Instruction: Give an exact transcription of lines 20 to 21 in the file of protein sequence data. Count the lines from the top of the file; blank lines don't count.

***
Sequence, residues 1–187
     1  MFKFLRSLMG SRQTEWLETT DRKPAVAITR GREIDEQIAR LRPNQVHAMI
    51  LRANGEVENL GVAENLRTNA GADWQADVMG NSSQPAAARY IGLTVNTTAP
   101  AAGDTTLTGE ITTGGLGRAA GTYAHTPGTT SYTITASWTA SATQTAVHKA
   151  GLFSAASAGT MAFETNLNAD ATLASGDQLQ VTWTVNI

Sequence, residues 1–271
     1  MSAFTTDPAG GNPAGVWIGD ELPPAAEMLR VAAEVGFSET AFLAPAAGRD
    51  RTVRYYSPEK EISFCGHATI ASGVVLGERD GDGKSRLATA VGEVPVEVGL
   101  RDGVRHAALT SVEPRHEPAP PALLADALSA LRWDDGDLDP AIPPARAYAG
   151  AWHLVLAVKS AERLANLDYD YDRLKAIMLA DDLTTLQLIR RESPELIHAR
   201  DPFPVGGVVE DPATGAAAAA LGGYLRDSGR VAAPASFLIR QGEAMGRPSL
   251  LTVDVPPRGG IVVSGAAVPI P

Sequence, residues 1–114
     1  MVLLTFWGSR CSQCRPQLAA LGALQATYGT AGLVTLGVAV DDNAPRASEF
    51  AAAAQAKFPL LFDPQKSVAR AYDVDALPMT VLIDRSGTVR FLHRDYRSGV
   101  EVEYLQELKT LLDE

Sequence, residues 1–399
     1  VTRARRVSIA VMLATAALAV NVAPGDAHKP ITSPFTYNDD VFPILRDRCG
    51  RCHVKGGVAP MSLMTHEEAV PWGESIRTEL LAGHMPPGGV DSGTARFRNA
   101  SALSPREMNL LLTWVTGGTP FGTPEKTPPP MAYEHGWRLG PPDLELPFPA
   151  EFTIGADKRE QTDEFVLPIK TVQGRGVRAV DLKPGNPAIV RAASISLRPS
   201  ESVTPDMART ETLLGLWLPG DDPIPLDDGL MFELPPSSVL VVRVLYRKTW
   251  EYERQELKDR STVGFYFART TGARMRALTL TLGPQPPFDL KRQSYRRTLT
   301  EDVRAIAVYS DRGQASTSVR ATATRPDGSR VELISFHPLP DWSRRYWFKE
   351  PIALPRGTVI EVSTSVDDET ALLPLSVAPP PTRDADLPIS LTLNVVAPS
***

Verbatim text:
   101  SALSPREMNL LLTWVTGGTP FGTPEKTPPP MAYEHGWRLG PPDLELPFPA
   151  EFTIGADKRE QTDEFVLPIK TVQGRGVRAV DLKPGNPAIV RAASISLRPS